Degenerative Disc Disease

Degenerative Disc Disease (DDD) is also known as sponydylosis — not to be confused with spondylolisthesis, which is a slippage of one vertebrae over another. DDD refers to the breakdown of the intervertebral disc, a fibro-cartilagenous structure that sits between all the vertebrae in the spine from C2 all the way down to S1.


Cervical degenerative disc disease refers to the breakdown of the discs in the neck.


Lumbar degenerative disc disease refers to a breakdown in the discs in the low back.


The human disc has basically three functions:

  1. To absorb the shock of gravity and our weight on the vertebrae

  2. To act as a spacer to allow the spinal nerve roots to exit the spine

  3. To distribute forces around the spine for normal movement and function.


The design of the discs is basically a fibrous donut surrounding a gelatinous center. A healthy disc will be approximately 85% water allowing for the discs flexibility, elasticity, and giving it an ability to temporarily deform under stress.


The design of the discs is basically a fibrous donut surrounding a gelatinous center.

A healthy disc will be approximately 85% water allowing for the discs flexibility, elasticity, and giving it an ability to temporarily deform under stress.


In our mid teens, the blood supply to the discs essentially atrophies and disappears. The disc being a living structure needs to exchange built up acidic waste products with water, and the only way that can occur after the blood supply is gone is through a process of osmosis and imbibition. This is like pushing down on a wet sponge and watching the water squirt out, and letting go and watching the water suck back in. The ability of your disc to perform that is dependent on what is called normal intervertebral motor unit function. That is to say  the movement of the vertebrae, the disc, and the facet joints. This in turn is dependent on several mechanisms—normal disc morphology, normal muscle function around the vertebrae, and normal and intact ligaments and facet joints. A derangement of any of these mechanisms can restrict or alter the normal mechanical motion of the disc, thereby decreasing the normal osmotic fluid exchange and causing the disc to lose its hydration and dry out.

For example, if you had a whiplash injury to your neck that disrupted normal range of motion this could lead to cervical degenerative disc disease in the future. On an MRI, looking at the spine from the side, we should see a bright white signal inside your disc indicating that the disc is well hydrated. If we see a darkened disc, it means your discs are dessicated (dried out) and have lost some of their elasticity, which further impedes movement causing further degeneration. This is typical in the cervical spine or lumbar spine, as thoracic spine DDD is slightly less common.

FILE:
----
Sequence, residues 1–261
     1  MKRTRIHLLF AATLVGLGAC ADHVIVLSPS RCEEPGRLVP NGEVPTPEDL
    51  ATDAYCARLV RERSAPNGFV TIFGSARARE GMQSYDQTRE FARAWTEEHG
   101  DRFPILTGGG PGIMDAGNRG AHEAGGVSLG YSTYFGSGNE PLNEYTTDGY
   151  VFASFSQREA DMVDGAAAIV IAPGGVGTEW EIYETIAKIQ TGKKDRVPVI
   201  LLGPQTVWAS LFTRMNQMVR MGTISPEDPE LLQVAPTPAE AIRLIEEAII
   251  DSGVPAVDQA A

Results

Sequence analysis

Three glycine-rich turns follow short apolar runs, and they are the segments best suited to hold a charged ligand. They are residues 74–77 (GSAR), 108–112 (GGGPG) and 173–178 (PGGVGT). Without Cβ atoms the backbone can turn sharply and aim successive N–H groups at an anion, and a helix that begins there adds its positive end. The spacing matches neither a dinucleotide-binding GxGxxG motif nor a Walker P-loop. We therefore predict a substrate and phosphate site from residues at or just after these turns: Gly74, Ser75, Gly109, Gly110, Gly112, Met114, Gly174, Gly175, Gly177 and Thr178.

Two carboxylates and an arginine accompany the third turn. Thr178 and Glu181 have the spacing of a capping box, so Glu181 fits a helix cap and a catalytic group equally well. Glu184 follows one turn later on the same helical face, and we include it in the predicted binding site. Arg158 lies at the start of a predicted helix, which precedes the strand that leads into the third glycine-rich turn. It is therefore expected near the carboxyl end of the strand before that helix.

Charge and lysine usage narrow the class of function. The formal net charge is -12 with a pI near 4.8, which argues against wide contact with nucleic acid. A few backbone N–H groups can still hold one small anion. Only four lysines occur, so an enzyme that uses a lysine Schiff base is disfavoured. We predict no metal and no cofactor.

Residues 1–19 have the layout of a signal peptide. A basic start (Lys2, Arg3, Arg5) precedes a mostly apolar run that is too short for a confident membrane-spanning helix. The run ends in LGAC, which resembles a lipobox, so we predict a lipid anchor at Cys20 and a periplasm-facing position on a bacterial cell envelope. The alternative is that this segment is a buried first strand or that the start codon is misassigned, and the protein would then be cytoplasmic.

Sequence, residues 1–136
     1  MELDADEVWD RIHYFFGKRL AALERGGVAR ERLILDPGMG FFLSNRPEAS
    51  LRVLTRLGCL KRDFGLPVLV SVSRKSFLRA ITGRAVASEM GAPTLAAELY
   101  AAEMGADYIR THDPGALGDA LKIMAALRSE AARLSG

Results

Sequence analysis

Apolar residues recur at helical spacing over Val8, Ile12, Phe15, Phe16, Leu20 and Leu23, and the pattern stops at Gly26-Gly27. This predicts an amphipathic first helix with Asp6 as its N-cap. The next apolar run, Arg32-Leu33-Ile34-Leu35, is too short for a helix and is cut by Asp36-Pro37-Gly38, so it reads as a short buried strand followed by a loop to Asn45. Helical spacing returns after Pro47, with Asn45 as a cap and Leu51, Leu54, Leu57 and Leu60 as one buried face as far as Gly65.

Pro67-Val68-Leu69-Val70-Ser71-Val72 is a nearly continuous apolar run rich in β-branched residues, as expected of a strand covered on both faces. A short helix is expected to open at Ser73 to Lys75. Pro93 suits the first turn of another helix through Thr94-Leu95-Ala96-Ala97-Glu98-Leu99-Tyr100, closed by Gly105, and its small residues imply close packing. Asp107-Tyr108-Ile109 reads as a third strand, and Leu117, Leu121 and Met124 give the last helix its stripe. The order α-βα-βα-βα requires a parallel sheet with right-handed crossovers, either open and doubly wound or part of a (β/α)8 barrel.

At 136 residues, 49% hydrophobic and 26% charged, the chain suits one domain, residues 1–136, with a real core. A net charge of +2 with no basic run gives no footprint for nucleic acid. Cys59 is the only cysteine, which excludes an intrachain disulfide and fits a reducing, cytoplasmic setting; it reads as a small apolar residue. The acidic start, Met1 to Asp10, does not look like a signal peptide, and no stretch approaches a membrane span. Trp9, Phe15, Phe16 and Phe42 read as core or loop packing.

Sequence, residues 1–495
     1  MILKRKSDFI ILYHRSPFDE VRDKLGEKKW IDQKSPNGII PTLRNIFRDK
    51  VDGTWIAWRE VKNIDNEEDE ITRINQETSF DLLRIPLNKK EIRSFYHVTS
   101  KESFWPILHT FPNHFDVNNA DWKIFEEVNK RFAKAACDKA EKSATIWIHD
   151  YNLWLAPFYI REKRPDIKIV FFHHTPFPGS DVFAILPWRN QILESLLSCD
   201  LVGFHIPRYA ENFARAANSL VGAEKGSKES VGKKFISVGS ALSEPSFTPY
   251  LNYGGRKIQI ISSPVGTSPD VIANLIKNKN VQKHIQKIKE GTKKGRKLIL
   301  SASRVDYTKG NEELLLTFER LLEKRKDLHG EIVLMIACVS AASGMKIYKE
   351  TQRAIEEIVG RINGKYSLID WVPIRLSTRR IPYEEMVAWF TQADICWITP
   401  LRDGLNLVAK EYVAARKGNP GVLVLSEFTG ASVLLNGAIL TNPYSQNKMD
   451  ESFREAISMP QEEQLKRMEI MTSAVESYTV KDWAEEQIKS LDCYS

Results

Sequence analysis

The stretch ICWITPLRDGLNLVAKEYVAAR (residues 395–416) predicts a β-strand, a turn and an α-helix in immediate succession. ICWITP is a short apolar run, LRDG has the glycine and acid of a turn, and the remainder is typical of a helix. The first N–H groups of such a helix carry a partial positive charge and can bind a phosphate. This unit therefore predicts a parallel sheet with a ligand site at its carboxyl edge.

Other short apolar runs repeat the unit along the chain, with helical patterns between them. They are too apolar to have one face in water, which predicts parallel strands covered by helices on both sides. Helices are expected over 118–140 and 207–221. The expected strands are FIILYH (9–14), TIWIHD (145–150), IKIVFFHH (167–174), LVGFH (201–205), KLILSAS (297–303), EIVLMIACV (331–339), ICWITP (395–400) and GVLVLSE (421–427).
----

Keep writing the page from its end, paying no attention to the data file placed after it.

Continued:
As discs lose their elasticity, they can begin to compress, bulge, herniate and rupture. If a disc pushes against a nerve root or the spinal cord, this can cause radiculopathy, radicular pain, or myelopathy, which means that you have pressure against your spinal cord—not a good thing!


Cervical degenerative disc disease, while common in aging populations, is not normal. Although many doctors may not make this distinction — it is an important one.

Just because something is common, does not mean it’s normal.


Whether it’s lumbar or cervical degenerative disc disease that you are suffering with, your spine and discs are breaking down either way. This can cause myriad problems, some of which may surprise you.

  • You may simply have neck pain, or pain that radiates into your shoulders or arms.

  • You may have symptoms in your feet that are caused by spinal cord problems in your neck.

  • If severe, you could lose bladder control.

  • If your spine is breaking down, it can lead to abnormal sensory signaling to your brain that can alter brain function, thereby changing your perception of your environment and the world.


Truly, one of the most effective means of treating a degenerative disc disease and other arthridities of the spine is Non-Surgical Spinal Decompression. Decompression can recreate the normal pumping action of the disc that creates osmosis and imbibition. It also allows us to rehydrate the disc and bring nutrients into the disc to help it heal and restore normal function to the disc reducing and eliminating the pain caused by a degenerated disc and it can relieve the pressure on overloaded facet joints.  It is the only therapy I am aware of that can show an increase in disc height and increased hydration after therapy, as seen and measured on an MRI.

A disc is a ligament and ligaments have poor to no blood supply. That is why a sprain will heal slower than a fracture. A broken bone has a rich blood supply to allow it to heal, not so with ligaments. The beauty of non-surgical spinal decompression is that it helps to give the discs the nutrients it needs to heal itself.